Tuesday, April 13, 2010

book review - the body finder by kimberly derting

my two cent(ence)s - great premise with a great prologue. loved how the main character finds the bodies, but not in love with the writing or how the plot develops.

the body finder has one of the most promising openings i've ever read. had i not already bought the book, i would definitely have slapped my money down on the counter for it after reading the prologue. there was a beauty to how the paragraphs formed, and a wonderful sense of suspense as we are introduced to the main character. i absolutely loved the opening pages, which is probably why i felt so let down by the rest of the book.

violet is a high school student who has the ability to find the bodies of dead animals if they've been hunted or killed by a predator. she senses the bodies through "echos" which she can either see, hear, smell or taste. unfortunately for violet, these echos persist until she can give these animals a "proper" burial, and only then will the echos fade. she is also able to detect these echos on the predatory animals, like her cat who loves to hunt mice and birds. the reader discovers that when an animal kills, it is imprinted with the echo of its victim.
when violet is just a child, she discovers the body of a murdered girl, which the reader knows will not be the last she discovers.

see? really good premise, right?

violet doesn't just sense echos - she senses the changes her lifelong best friend, jay, has gone through over the summer. now, for the first time, violet sees jay as more than just her partner in crime. she can't help but want more from him, though she is too scared to admit this to jay, or her other friends. now, to the reader it is GLARINGLY obvious jay wants to date violet, but still violet goes through her inner monologue of "does he? or doesn't he?" which for me got old quickly.
now, i'm sure there are a ton of readers out there who love to know all the details of every encounter. they want to know every time jay's hand brushes against violet's how her heart begins to beat faster, and how her temperature rises, or how she's positive her cheeks are flushed, yadda, yadda, yadda.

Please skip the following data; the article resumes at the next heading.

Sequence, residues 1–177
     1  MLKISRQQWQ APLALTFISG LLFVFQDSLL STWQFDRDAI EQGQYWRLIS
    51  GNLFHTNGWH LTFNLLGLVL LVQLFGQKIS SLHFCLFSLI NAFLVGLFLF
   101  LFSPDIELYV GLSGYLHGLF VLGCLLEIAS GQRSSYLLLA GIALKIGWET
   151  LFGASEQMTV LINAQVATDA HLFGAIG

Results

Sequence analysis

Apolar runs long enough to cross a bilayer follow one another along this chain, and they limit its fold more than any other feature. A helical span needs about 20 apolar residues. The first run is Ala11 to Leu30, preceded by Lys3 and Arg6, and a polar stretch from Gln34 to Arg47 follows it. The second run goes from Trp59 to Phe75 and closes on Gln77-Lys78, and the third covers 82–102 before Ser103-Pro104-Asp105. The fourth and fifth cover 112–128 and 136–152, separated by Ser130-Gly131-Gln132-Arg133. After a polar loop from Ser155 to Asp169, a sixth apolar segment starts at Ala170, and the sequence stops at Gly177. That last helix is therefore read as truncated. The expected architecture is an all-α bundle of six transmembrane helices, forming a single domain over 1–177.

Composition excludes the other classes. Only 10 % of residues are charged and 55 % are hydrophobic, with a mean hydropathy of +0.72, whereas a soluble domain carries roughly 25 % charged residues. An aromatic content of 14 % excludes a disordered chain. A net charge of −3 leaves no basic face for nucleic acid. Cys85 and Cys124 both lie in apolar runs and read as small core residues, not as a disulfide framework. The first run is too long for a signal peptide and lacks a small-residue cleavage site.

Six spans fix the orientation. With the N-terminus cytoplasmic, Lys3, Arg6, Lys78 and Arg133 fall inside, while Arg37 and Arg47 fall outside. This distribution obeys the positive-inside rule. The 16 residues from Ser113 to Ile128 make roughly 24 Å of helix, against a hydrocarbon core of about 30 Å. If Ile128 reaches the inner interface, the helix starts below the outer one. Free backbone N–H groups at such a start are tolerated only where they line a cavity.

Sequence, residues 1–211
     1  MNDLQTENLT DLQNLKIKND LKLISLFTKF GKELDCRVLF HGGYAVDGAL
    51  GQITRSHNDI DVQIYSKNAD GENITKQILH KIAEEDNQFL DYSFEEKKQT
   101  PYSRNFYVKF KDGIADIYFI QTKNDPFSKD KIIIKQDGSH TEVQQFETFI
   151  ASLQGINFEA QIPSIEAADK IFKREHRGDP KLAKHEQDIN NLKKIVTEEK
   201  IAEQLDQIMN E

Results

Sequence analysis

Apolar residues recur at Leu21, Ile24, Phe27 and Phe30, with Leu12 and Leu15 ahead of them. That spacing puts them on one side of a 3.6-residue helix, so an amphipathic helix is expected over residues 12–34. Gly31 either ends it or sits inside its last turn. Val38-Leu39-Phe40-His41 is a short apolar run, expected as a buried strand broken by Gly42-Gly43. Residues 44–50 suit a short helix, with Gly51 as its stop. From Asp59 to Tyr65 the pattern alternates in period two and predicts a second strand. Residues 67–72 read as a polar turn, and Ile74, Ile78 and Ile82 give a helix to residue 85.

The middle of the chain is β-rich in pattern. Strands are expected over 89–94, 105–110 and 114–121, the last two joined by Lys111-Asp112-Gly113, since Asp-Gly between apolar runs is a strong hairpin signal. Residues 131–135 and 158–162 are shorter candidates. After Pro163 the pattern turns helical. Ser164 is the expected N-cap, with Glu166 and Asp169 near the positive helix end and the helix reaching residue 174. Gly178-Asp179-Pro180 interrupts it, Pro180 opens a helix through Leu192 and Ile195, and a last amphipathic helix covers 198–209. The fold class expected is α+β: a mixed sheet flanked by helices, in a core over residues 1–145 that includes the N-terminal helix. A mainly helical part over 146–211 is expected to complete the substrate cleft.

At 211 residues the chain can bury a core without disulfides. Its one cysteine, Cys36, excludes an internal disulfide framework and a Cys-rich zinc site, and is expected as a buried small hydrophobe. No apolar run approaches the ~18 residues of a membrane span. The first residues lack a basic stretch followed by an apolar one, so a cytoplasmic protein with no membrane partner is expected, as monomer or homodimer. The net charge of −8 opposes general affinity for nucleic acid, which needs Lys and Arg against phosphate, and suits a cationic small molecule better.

obviously, i am not one of those readers.

the "tension" between violet and jay felt so drawn out to me that i was skimming the pages to get to the "body finding" part of the story. and when the author did bring us back on track to where violet discovers a girl who'd been killed by a serial murderer, well, it still fell flat for me.

at page 40 i knew violet would find more than one victim of the killer, the killer would realize violet is responsible for his victims being unearthed, the killer would come after violet, and violet would realize it's the killer because of the imprint he carries on him. and i didn't mind that i knew this in advance (i think most people would be able to figure it out) because the premise was so good i was sure i would enjoy seeing how everything unfolded. but i didn't. though i do have to give the author credit for an interesting twist (which i won't reveal here).

i REALLY wanted this book to be good, but it didn't live up to the promise of the opening pages. in fact, i felt the book was about seventy pages too long (due to the redundancies of violet's inner monologues). obviously i am in the minority. it appears to be pretty popular, and clearly enough people believed in the author's writing ability since it did get published. i'm curious to see how kimberly derting's follow up book will be.


Christine Fletcher said...

I think I'm like you...I have very little patience for inner monologues, unless they're interesting. To me, repetitive angst ("does he or doesn't he") isn't interesting. Like everything else in the book, inner dialogues have to move the story forward.

Still, it's really hard as a writer to judge when enough is enough. That's when you need a good tough critique partner or editor to point it out.

The premise does sound good. This is one I'll probably check out from the library. Great review!

mi said...

christine - i'd love to hear your take on the novel once you've read it.
i've been reading books with quite a different eye, since i'm smack in the middle of working on my own novel. i'm hyper aware of pacing, development, etc.
now i'm off to edit my post and turn those "inner dialogues" to "inner monologues"!